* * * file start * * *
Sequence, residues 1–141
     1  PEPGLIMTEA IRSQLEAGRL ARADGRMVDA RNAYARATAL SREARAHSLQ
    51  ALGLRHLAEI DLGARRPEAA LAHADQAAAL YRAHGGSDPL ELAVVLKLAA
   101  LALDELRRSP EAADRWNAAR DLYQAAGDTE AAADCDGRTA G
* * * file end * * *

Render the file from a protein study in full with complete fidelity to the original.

Sequence, residues 1–141
     1  PEPGLIMTEA IRSQLEAGRL ARADGRMVDA RNAYARATAL SREARAHSLQ
    51  ALGLRHLAEI DLGARRPEAA LAHADQAAAL YRAHGGSDPL ELAVVLKLAA
   101  LALDELRRSP EAADRWNAAR DLYQAAGDTE AAADCDGRTA G